- Associated Press - Thursday, January 30, 2014

MONTGOMERY, Ala. (AP) - Tow trucks, police and National Guard troops began clearing away thousands of vehicles abandoned during the winter storm as rising temperatures Thursday began thawing out the epic mess on interstates and other roads.

Gov. Robert Bentley said the massive job of removing the deserted vehicles that litter Alabama roadways was Thursday’s major challenge in the aftermath of a rare Southern snow storm.

Bentley said he was encouraging municipalities to just tow cars to the shoulder of the road, instead of taking them to lots and charging the driver.

“Just move them to the side. What difference does it make if it sits there for two or three days?” Bentley said Thursday.

With temperatures still in the mid-20s, John and Anna Tipton of Mountain Brook were out early Thursday to retrieve the car she left at the base of a ramp leading from Interstate 459 to U.S. 280. Unable to drive further, she walked about a mile through the snow and ice to meet her husband Tuesday night.

“I wasn’t going to spend the night in my car,” said Anna Tipton.

About 150 vehicles littered the road shoulders around the interchange as the Tiptons scraped ice and snow off the car. The couple was fortunate: Elsewhere, some cars were left with dents and other damage after wrecks, and sliding trucks crashed into some parked vehicles.

Hoover Police Capt. James Coker said the city had not set a deadline to have cars removed. A towing company, under contract with the city, was moving cars to the side to make the roads passable.

During the storm, Hoover emergency vehicles traveled in a caravan, led by a sand truck, picking up stranded motorists on the interstate. After the storm lifted, those drivers were brought back to their cars, Coker said.

“It’s getting better by the moment,” Coker said of road conditions.

Drivers were still urged to use extreme caution and to be on the lookout for icy patches and people walking to their vehicles.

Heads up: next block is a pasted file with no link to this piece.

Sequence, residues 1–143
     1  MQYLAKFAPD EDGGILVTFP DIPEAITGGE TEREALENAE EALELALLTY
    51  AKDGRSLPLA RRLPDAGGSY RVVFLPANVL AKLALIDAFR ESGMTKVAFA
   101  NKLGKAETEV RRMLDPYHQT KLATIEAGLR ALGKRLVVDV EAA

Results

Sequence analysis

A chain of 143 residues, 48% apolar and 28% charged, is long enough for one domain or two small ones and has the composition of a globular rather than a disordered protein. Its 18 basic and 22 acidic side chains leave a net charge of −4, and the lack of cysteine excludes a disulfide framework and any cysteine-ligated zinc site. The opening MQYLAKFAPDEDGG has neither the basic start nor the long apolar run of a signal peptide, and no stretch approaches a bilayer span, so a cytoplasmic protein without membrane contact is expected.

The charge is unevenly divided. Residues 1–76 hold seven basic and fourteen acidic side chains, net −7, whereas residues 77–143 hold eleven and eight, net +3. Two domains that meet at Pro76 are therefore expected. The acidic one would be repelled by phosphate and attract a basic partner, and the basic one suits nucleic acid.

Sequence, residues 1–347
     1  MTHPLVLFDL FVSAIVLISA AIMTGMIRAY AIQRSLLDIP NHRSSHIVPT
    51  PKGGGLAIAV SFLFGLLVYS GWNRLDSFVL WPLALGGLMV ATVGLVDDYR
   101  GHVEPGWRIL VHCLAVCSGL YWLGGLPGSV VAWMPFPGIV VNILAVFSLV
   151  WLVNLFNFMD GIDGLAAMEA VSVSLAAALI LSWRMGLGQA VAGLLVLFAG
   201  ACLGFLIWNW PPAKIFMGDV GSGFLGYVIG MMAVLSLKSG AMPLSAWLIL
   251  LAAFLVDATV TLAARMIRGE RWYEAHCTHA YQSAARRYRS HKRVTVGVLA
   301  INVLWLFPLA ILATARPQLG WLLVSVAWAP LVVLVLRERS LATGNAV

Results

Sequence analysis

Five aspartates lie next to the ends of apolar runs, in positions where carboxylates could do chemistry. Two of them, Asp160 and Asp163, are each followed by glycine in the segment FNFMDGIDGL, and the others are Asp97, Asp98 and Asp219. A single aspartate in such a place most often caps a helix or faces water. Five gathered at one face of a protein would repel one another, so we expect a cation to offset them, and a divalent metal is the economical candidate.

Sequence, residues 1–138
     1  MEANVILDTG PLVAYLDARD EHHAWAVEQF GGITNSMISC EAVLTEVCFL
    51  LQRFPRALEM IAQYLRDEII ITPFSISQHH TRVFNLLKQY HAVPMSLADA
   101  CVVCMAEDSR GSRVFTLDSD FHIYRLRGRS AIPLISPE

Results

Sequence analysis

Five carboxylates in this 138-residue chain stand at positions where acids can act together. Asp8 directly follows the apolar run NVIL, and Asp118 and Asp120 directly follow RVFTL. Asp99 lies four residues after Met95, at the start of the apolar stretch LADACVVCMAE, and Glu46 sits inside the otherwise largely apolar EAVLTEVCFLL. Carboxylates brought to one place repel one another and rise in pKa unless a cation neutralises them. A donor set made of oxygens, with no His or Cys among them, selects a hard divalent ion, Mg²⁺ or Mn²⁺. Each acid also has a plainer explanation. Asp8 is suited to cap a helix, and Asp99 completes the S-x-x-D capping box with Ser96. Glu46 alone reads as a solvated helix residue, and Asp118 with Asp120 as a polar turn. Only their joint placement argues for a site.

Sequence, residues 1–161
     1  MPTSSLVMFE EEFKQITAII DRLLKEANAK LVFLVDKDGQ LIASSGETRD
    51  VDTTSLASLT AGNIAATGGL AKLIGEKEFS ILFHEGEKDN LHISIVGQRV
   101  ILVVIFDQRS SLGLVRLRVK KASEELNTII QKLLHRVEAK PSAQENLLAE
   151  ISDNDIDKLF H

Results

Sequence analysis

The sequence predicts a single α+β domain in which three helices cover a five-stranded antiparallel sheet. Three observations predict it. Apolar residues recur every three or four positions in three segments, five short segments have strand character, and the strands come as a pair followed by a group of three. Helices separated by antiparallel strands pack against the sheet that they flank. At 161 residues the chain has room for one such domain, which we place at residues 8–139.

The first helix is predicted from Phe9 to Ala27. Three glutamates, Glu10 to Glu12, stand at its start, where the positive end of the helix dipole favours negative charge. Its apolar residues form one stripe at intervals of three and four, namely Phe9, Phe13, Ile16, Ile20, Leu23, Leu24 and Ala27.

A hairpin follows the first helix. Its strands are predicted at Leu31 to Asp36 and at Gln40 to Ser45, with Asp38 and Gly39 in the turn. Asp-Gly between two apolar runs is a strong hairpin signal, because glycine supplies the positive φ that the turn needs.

The Birmingham area got an unexpected wallop from the storm that was originally predicted to hit about 75 miles further south. The forecast was rapidly updated about an hour before snow started falling Tuesdays. Schools and businesses rapidly let out for the sending a rush of vehicles onto roads that were quickly becoming hazardous.

Alabama showed other signs Thursday of thawing out.

The final Alabama school students got back home Wednesday night after being stranded overnight in classrooms and gymnasiums because of the winter storm.

Alabama Department of Education spokesman Michael Sibley said Thursday the last of the students got home by 8:30 p.m. Wednesday.

Alabama School Superintendent Tommy Bice praised teachers and school employees who cared for students Tuesday night when hazardous road conditions made it unsafe for buses to run.

“Pleased to report that all students are now home due to the heroes who work in our public schools,” Bice wrote in a message to staff.

About 11,000 students were stuck at public schools on Tuesday during the storm’s peak. That number was down to 1,600 by Wednesday afternoon.


Photographer Butch Dill contributed to this report from Birmingham. AP writer Jay Reeves contributed from Montgomery.

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